Kern County In Depth: Can historic preservation each improve cities and revenue property house owners? Mills Act says sure

by: Robert Price, Robert Price

Posted: Dec 6, 2020 / 08:43 PM PST
Updated: Dec 6, 2020 / 08:50 PM PST

BAKERSFIELD, Calif. (KGET) — If you know California well enough, and you appreciate history, you know places like Old Town Pasadena, San Diego’s Gaslamp Quarter and Anaheim’s Colony Historical District — places where the past is not relegated to the past at all, but preserved and celebrated.

And not just for esoteric or academic purposes. Because we’re drawn to them. Old buildings, both residential and commercial, when they’ve been restored, renovated or otherwise maintained, touch something in us that says — this piece of history is special, relevant, and worthy.

No better example exists in Bakersfield today than the Padre Hotel, completed in 1928. The eight-story Spanish colonial revival hotel had an auspicious and flamboyant beginning in the Central Valley’s raucous oil rush days, but throughout the second half of the 20th century, under the colorful ownership of Milton “Spartacus” Miller, the iconoclast who re-christened it the Alamo Tombstone, it fell into disrepair and near-abandonment.

Today it thrives as a boutique hotel, bistro and gathering place — and an example of what a private buyer can do with creativity and government good will in the form of negotiated tax incentives.

The Padre is the physical and cultural center of Bakersfield’s once derelict but now re-energized downtown.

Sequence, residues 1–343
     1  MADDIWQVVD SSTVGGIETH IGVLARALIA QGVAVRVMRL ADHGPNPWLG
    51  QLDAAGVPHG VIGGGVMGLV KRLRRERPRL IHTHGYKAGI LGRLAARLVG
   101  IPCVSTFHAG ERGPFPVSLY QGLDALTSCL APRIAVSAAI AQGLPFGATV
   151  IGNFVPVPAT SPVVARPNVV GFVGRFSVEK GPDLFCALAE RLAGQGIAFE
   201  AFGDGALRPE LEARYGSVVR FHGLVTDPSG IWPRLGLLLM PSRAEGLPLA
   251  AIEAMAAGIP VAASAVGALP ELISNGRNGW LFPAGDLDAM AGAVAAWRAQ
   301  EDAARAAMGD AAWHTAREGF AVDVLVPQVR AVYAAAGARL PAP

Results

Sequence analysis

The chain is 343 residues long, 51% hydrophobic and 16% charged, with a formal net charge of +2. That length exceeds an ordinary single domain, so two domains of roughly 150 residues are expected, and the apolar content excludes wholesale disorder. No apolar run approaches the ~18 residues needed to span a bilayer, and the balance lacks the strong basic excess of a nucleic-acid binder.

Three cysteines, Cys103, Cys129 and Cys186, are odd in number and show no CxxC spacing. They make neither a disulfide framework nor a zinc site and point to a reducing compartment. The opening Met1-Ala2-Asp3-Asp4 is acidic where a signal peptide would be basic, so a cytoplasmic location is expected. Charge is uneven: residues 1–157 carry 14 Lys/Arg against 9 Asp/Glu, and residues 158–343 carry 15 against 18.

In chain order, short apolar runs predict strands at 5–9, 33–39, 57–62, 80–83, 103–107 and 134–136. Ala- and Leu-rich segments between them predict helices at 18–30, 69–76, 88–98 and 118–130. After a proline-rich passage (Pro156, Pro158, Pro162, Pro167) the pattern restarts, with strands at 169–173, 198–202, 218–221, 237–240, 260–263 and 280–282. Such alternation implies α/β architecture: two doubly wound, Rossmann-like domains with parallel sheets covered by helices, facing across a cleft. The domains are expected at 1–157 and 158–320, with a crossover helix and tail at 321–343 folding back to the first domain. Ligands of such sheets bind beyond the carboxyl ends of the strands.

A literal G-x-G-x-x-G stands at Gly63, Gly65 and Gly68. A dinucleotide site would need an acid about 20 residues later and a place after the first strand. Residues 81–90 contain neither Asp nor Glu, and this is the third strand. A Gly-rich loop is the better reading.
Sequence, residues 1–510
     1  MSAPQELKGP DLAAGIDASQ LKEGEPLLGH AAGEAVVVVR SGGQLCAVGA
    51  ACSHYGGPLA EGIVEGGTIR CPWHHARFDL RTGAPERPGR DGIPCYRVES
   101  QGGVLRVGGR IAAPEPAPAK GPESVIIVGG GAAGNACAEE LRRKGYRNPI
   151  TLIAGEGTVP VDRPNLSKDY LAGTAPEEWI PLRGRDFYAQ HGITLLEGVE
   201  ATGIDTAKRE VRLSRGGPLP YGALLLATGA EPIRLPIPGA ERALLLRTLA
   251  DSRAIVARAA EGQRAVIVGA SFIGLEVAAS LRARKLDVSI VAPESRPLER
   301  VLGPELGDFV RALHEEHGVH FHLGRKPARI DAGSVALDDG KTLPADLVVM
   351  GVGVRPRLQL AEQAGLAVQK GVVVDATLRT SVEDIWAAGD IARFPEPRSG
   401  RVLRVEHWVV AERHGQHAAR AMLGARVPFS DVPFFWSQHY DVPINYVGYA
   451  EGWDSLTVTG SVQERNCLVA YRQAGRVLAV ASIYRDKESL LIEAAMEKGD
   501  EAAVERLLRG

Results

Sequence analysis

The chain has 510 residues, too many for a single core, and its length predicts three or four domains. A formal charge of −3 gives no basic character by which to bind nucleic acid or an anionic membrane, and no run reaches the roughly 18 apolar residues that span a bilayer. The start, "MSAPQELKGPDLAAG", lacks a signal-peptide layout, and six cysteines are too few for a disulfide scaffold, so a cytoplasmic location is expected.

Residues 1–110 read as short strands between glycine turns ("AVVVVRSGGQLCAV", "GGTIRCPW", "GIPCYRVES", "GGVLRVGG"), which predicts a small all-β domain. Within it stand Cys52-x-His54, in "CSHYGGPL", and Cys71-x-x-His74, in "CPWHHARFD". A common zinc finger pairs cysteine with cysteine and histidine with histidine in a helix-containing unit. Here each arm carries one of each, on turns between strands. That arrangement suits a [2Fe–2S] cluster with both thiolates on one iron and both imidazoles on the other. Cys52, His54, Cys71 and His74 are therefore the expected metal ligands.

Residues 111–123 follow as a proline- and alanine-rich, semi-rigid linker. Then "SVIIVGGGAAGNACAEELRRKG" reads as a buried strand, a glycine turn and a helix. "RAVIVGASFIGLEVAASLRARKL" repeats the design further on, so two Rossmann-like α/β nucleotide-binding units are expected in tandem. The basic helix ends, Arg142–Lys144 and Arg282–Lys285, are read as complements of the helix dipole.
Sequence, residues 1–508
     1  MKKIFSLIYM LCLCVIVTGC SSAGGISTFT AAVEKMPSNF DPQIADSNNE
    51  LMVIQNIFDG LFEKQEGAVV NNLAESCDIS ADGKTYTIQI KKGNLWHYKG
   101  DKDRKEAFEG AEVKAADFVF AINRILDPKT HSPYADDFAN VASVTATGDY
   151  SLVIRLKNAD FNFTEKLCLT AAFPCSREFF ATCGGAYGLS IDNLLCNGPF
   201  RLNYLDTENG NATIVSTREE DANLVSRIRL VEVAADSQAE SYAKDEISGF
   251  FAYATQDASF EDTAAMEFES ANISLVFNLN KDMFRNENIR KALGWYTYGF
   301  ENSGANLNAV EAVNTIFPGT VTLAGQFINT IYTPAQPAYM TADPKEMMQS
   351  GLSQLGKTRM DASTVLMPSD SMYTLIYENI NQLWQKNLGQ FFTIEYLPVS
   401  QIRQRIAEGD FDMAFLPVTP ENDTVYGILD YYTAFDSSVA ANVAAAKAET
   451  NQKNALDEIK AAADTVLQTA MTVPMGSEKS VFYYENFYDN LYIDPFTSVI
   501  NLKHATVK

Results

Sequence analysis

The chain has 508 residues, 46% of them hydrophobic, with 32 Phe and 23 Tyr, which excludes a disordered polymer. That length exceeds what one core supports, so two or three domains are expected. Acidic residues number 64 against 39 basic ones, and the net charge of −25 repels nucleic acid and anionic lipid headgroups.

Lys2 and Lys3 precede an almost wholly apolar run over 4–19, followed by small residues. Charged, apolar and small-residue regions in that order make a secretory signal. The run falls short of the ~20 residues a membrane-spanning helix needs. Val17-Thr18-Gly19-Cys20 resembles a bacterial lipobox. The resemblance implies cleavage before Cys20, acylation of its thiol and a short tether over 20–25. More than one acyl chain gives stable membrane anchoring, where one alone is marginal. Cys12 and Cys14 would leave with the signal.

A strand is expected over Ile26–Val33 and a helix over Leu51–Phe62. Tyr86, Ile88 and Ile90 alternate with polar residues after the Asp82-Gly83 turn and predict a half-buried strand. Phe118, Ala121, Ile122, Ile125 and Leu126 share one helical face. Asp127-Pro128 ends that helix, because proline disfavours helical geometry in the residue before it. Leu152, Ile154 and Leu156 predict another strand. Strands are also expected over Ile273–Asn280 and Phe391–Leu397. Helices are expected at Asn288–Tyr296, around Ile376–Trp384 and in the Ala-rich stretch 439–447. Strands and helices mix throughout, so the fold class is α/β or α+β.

Imagine what the city could do with a dozen Padre Hotels of different sizes, shapes and purposes.

Imagine what it could do with the same kind of blessing and financial incentive that historic property owners receive in, say, San Diego or Anaheim.

If you’re having trouble visualizing the benefits of historic preservation, listen to Kern County museum executive director Mike McCoy — and the others who joined the conversation for Kern County In Depth’s look at historic preservation.

The key ingredient is the Mill Act, a state law that can help transform historic preservation from an expensive luxury to a win-win-win that benefits local residents, local governments and the property owners of those old treasures — both financially and terms of shared quality of life.

The state law, which allows cities and counties to give property owners tax breaks in exchange for their promise to protect historical integrity, is available as an option to local jurisdictions that makes preservation not just affordable — but profitable. And it’s not exactly a secret.

Well, perhaps except in Bakersfield, the largest city in California that does not have a Mills Act.

Which probably is why this city does not have a lot of Padre Hotels — or much of anything of its calibre or pedigree.

What is the Mills Act? What is it capable of? And what have other cities done with it?

All good questions — answered in this edition of Kern County In-Depth.